Ian Brady died last Monday, May 15, 2017.

In England, from 1963 to 1965, Brady, and his cohort, Myra Hindley, killed five children; they sexually assaulted at least four of them. They recorded some of their crimes.

When I was young, I believed in love. I was vehemently opposed to the death penalty. I believed that every life had value, and that everyone is worth saving.

Now I'm 53. I don't believe in love, at least, not the way I used to, and Ian Brady is one of the reasons why that's so.

It's easy to fall in love, even with an idea, and some ideas prove irresistible, even to those who should know better. The helping professions became smitten with an idea that mental disorder might explain certain criminal behavior, and maybe it does. But explanation can easily become excuse, especially where the criminal element is concerned; an opportunistic lot by definition, naturally, many criminals have sought to escape justice by feigning mental illness.

Through television, and movies like “The Three Faces of Eve”, most of us are familiar with Dissociative Identity Disorder (DID), or split, or multiple personality, as it's more commonly known. It is often confused with schizophrenia, but DID is a personality disorder, whereas schizophrenia is a major psychiatric illness. The “split” in schizophrenia is not in the personality, but between feeling and thought. In the United States, schizophrenia occurs in roughly 1% of the population, and true cases of multiple personality disorder occur far less often. Some in the mental health field question whether, in fact, DID exists at all.

Danny Rolling, the Gainesviller Ripper, tried it as a defense; having committed a total of eight murders, on October 25, 2006, Danny Rolling was executed by lethal injection. Rolling told doctors that at times, an entity called “Gemini” took possession of him, and that Gemini committed the murders.

Danny Rolling no more believed that than I believe Danny Rolling, about anything; shortly before the killings began, Rolling had seen “The Exorcist III”, a movie about the spirit of an executed serial killer, “Gemini”, that inhabits the bodies of mental patients, making them do all manner of things Danny Rolling would later do.

Kenneth Bianchi didn't fare much better. Bianchi and his cousin, Angelo Buono, were known as “The Hillside Stranglers”. In Los Angeles, from October 1977 to January 1979, Bianchi and Buono killed 12 women from various walks of life, and ranging in age from twelve to twenty-seven. Bianchi managed to convince some experts that his psyche housed had two distinct personalities.

Not long after a doctor interviewing Bianchi informed him that typically three or more personalities manifest themselves, a third personality appeared. While supposedly under hypnosis, Kenneth Bianchi was told that another doctor, with whom Bianchi was familiar, had entered the room.

“Hi, Doc”, Bianchi said, and stood, and pretended to shake the man's hand.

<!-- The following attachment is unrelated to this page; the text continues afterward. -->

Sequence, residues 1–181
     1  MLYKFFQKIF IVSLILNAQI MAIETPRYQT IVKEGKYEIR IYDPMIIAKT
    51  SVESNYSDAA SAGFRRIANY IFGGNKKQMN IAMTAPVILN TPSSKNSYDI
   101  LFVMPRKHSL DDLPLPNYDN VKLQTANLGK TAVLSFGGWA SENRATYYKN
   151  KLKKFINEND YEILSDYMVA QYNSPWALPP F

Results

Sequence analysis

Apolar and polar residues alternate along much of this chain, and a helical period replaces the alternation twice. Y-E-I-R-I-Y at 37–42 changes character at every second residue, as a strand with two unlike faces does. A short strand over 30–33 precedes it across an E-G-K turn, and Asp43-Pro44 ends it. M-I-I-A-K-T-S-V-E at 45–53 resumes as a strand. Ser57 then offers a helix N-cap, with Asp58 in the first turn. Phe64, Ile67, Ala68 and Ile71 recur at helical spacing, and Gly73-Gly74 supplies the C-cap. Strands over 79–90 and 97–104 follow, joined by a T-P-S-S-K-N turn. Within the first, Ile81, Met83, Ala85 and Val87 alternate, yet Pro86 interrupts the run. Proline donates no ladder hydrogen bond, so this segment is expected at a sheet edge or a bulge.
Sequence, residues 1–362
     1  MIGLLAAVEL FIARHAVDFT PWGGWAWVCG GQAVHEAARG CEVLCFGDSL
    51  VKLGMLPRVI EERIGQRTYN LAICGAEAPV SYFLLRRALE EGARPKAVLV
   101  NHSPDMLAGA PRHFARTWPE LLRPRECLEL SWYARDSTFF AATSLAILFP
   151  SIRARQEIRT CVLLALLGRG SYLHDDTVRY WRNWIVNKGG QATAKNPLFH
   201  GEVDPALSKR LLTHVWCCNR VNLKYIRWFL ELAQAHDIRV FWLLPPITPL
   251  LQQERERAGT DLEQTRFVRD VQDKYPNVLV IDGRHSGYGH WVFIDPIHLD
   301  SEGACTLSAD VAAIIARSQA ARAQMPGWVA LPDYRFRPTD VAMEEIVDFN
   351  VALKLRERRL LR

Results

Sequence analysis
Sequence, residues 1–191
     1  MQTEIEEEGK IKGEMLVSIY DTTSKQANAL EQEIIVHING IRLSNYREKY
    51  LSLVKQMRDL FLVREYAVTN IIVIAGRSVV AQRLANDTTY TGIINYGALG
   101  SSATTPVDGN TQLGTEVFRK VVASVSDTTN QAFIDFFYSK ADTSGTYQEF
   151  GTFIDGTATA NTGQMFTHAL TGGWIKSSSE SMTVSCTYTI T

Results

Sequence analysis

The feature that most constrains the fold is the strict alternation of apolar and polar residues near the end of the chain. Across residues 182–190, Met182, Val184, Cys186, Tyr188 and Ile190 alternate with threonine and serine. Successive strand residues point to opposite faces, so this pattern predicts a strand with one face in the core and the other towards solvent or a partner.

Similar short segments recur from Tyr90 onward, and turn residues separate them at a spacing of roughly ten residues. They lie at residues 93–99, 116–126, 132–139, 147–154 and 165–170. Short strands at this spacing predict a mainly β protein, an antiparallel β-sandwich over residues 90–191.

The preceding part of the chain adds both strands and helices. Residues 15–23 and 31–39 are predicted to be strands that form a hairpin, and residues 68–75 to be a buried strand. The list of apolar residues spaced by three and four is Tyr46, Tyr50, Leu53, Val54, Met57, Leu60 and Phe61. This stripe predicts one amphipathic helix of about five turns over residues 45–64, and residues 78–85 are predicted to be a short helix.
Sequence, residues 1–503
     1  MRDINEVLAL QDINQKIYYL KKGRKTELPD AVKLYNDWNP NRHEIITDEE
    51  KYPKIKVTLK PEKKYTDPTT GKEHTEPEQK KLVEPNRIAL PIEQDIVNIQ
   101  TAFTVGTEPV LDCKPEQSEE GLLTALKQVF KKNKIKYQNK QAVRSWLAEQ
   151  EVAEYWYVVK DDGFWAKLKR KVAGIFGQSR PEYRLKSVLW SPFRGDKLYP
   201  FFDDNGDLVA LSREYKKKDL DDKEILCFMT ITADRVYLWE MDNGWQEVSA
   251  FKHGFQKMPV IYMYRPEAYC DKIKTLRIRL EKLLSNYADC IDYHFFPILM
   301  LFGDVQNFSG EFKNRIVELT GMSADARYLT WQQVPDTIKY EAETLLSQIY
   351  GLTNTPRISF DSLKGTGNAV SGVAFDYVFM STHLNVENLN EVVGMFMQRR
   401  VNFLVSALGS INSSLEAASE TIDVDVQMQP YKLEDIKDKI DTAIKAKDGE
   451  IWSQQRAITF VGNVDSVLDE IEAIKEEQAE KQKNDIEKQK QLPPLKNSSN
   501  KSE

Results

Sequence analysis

Kenneth Bianchi was a student of psychology, but not a good one; people in a hypnotic state do not act of their own volition, and later, Bianchi admitted to faking the disorder.

Ian Brady was convicted of three murders; he received a life sentence, spent 19 years in prison before he was diagnosed as a paranoid schizophrenic, and was moved to a mental hospital. Brady claimed he also had been able to fool the doctors, and that he used the same techniques taught in method acting.

Early in the evening of June 16, 1964, Brady's girlfriend/accomplice Myra Hindley lured 12-year-old Keith Bennett into a van, with Ian Brady waiting in the back. They drove to Saddleworth Moor, and while Myra kept watch, Brady walked the boy some distance away from the vehicle. He sexually assaulted Bennett, strangled him, put the body in a hole already dug for just that purpose, and now Ian Brady has gone to his own grave without ever telling anyone where on the moors he buried that little boy.

There are people who are quite ill, mentally, who commit violent crimes. It's rare, but it happens. Dissociative Identity Disorder, if it exists, occurs because of some conflict within the individual, as a way of coping with some event, or situation, that seems otherwise untenable. It is an attempt to keep certain impulses in check, and unsuccessful as it may be, it presupposes one cares.

Schizophrenia, of the paranoid type or not, occurs due to a chemical imbalance, and while it's only my unlettered opinion, none of these men, not Rolling, or Bianchi, nor especially Ian Brady, suffered from multiple personality, or madness.

All too easily, explanation becomes excuse, even to those who should know better. Part and parcel of being a serial killer, and a psychopath, is being a narcissist; at their core, that is what they are. Not multiple personality, or schizophrenic, they're narcissists, and psychopaths, they love themselves and no one else.

If Ian Brady has a legacy, let it be this, that along with him we finally put to rest the old psychology saw that says narcissism is just a cover for low self-esteem. In spite of the truly horrific things they did, Danny Rolling, Kenneth Bianchi, and the recently deceased Ian Brady, all thought they were the greatest thing since banana puddin'.

I don't believe in love the way I used to; I have learned, from Brady, and others like him, not everyone is worth saving.

Love, real love, refuses to be blind.

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